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Lone working.

Lone workers are simply people who work alone without direct or close supervision and this is usually legal.

Mobile workers, such as drivers, surveyors, engineers or care workers, are lone workers when they work away from their employer’s base. Some lone workers are at a fixed workplace but isolated, or in a maintenance role that takes them all over the worksite. “On call workers” who work overtime, outside normal hours or who open and close work premises, can also be lone workers.

The risks of lone working

Lone workers are more at risk than others because of the nature and location of their work. They risk violent attack, whether from a thief when opening or closing work premises, or because they work in an area of social deprivation or with vulnerable people. Some lone workers risk being in serious road accidents or injuring themselves because of previously unknown poor health. Other implications for lone workers:

  • unfamiliar with the risks of a remote worksite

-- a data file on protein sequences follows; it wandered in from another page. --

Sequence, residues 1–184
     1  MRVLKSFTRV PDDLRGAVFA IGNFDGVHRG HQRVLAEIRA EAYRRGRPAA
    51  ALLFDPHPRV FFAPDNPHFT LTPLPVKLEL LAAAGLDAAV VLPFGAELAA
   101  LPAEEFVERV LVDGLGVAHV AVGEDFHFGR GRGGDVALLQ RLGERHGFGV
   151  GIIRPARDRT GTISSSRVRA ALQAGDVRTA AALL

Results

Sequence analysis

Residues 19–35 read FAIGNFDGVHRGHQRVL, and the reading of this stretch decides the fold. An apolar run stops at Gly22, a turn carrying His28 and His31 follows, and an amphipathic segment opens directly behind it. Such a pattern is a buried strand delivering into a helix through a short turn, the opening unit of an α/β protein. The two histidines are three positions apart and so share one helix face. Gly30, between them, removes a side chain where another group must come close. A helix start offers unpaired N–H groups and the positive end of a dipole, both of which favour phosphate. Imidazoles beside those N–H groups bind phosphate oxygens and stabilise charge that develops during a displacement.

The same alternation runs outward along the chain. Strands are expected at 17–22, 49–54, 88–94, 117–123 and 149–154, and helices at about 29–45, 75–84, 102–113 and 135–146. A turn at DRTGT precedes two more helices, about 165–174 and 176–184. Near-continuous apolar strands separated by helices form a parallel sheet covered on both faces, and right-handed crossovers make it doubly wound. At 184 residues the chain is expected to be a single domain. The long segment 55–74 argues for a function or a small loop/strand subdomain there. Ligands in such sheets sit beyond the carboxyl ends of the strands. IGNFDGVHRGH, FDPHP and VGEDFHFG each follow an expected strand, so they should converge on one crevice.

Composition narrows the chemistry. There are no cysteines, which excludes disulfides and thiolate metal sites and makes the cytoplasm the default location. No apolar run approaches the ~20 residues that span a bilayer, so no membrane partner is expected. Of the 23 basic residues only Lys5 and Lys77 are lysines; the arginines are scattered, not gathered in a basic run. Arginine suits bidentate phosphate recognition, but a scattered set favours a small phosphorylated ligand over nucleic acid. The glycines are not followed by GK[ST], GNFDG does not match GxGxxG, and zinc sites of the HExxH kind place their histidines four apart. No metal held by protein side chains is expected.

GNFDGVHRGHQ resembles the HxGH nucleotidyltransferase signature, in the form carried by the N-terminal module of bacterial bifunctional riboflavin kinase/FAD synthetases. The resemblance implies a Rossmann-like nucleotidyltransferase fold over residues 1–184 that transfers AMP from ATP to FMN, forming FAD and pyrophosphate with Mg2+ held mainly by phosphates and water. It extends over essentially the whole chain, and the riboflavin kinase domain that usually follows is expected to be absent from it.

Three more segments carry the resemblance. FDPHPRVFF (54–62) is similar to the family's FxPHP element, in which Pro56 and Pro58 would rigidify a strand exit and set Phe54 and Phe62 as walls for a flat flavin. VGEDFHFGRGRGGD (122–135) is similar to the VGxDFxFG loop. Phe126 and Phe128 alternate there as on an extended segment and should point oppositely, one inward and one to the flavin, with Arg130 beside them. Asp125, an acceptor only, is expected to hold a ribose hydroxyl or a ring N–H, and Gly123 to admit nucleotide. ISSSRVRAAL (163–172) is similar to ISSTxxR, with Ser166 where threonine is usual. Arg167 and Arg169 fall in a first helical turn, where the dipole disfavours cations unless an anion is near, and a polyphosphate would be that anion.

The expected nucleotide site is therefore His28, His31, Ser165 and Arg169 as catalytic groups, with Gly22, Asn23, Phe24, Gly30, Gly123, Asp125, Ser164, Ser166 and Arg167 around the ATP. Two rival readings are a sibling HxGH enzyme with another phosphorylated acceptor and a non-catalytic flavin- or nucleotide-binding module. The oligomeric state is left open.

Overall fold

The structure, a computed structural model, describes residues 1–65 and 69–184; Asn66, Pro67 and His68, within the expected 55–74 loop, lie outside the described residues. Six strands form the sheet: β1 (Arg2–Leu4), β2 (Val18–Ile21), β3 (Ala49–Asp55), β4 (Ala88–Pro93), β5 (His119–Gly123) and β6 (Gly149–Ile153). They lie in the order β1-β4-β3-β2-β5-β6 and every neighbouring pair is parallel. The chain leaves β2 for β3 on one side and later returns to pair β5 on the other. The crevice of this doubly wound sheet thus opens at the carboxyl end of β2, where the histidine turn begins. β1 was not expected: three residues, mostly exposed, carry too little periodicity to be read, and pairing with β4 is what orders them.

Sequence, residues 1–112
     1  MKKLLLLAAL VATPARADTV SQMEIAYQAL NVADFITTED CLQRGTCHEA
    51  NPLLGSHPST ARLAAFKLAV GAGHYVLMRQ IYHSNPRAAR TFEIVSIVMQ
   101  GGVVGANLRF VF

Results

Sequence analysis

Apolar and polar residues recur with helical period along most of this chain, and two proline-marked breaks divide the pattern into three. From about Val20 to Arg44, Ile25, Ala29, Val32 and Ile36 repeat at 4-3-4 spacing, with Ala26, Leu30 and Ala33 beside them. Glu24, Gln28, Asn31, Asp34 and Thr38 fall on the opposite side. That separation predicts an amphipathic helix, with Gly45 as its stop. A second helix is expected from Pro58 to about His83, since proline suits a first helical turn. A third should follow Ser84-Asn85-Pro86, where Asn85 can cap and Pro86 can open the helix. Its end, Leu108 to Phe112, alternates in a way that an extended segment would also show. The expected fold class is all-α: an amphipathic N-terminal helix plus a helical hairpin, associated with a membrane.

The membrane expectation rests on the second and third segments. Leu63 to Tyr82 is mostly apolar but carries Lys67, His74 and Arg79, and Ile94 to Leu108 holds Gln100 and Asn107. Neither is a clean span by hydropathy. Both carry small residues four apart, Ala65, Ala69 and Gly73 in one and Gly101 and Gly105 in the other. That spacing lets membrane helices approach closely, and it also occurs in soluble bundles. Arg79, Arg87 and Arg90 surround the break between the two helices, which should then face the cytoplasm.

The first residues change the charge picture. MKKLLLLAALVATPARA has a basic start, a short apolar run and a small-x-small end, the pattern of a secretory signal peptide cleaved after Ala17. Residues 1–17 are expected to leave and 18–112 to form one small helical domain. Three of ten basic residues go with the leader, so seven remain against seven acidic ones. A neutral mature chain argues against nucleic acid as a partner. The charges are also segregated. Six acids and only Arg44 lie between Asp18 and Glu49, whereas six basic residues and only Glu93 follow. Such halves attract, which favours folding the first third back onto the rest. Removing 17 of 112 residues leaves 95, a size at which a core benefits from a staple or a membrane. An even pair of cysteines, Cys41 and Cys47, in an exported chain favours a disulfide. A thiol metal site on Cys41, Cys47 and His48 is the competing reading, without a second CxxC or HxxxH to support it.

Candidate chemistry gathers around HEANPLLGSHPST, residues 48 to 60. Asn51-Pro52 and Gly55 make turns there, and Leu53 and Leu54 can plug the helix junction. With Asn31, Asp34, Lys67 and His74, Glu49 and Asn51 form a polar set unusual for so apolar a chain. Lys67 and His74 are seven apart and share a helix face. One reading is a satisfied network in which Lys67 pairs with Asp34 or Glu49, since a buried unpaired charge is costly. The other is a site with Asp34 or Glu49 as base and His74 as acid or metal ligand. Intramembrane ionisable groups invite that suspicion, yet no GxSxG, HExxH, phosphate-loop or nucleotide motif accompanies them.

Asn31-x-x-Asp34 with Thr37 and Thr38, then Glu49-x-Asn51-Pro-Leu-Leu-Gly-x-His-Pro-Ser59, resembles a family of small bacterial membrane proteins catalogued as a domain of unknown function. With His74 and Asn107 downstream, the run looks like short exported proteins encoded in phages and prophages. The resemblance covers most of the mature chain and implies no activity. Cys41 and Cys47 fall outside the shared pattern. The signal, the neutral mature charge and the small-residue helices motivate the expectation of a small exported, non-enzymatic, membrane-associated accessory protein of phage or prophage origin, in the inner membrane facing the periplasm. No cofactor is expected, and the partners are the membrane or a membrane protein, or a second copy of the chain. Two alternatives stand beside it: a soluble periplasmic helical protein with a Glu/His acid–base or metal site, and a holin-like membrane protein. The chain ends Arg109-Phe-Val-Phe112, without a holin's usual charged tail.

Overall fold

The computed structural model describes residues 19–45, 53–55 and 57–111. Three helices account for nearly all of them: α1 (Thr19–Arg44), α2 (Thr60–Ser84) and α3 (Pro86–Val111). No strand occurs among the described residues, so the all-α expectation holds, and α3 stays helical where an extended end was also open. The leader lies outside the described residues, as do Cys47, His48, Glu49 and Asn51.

• adopt unsafe practices because they have no supervision
  • manually handle tools and equipment between vehicle and workplace or during deliveries
  • cannot get help or advice in case of sudden illness, accident or other emergency

 

Reduce the risks of lone working

As an employer you have a few ways to reduce the risks to your lone worker:

  • train them fully in the risks of their type of lone working
  • set up a system of routine communication with them
  • give good supervision
  • identify potentially violent situations and use control measures that could reduce or stop lone working
  • provide effective emergency procedures.

Employsure can advise you on reducing the risks of lone working.

For peace of mind, please call our 24 hour Advice Line now on 1300 651 415.

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